“Would you be interested in starting your experience in Gyumri?” It is a pretty town in the north of Armenia, its people are very hospitable and it is good to live there at this time of year… “.
“Yes why not! ”
When I decided to spend 10 months in Armenia, I knew very little about this country, everything was unknown to me and even more so the existence of this small town that is Gyumri. I wanted to make my experience authentic, and different from that of others. I wanted to find out as much as possible about this country. So I took the plunge, not without apprehension at the start.
I arrived at night in Gyumri, very tired but already amazed by the landscapes which bordered the road leading from Yerevan to Gyumri. The first “Gyumretsi” (residents of Gyumri) I met were those who became my host family for the next 3 months. My host-mother, sixty years old, quickly became my adopted “grandmother”. She took care of me like her own daughter, paid attention that I lacked for nothing, made me tea with ginger and lemon when I had a sore throat, made me taste Armenian specialties, and checked my Armenian vocabulary at each meal… She was adorable and despite the language barrier, we quickly got attached to each other and we missed each other on weekends when I went on an excursion outside Gyumri!
What I liked most about Gyumri is its beauty, wandering the narrow streets of the city center or “Central Park”. But my favorite place remains “Ani”, the neighborhood built in the years following the earthquake and where all the volunteers lodged. I cannot describe what I particularly liked in this neighborhood, it was more a feeling, a feeling of being at home and I felt good there.
The highlight of my experience in this city has been my volunteer work with the Emily Aregak association. It is a center for disabled children with various types of difficulties: autism, motor and/or cerebral palsy, deafness … Facing handicaps was not easy, but very quickly I was able to establish strong links with the children of the center, despite the language barrier. The staff were also very kind to me. I will never forget the children, volunteers and social workers of Emily Aregak as they transmitted joy and courage despite the difficulties they faced every day. I had a rich and strong human experience with these children. I gave them my attention, I played with them, I took care of them and I helped them in daily tasks, and in exchange without even realizing it they taught me a lot: patience, courage, how to listen, kindness, joy, and also love.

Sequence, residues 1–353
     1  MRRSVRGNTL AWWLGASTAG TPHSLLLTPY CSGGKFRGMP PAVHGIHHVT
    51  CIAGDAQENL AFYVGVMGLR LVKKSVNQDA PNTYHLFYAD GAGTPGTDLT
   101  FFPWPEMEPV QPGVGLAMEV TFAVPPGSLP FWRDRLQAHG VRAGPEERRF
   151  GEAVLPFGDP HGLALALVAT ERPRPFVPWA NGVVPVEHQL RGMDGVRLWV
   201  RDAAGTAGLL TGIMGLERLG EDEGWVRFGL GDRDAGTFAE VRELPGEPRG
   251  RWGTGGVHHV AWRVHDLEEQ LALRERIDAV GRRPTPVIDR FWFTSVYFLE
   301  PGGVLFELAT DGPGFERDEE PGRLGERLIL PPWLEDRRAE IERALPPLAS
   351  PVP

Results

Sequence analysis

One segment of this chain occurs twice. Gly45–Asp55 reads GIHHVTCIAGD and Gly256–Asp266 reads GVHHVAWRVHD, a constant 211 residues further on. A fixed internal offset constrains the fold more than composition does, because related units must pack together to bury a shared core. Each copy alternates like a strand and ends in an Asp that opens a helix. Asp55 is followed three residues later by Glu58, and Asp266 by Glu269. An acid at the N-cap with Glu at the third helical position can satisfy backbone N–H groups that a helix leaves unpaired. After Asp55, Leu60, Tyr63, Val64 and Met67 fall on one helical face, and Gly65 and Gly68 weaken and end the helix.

I can see myself three months back, worried and excited at the same time to leave my country and go into the unknown. Today, I do not regret my decision and I am more than happy to have had the chance to spend 3 months in this city. And who knows, maybe I will go back?
I would like to conclude with a poem which I wrote about Gyumri and which describes well the feeling which I have for this city.
“To be free to love,
To love what is out of the norm, out of the criteria of beauty.
To love without knowing why, or how,
To love without reason and madly,
A little piece of paradise.
Armenia, Gyumri. “